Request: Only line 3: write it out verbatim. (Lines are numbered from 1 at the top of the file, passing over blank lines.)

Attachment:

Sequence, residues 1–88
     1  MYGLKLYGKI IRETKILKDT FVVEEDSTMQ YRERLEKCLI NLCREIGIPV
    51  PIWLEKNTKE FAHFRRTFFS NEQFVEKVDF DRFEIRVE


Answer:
    51  PIWLEKNTKE FAHFRRTFFS NEQFVEKVDF DRFEIRVE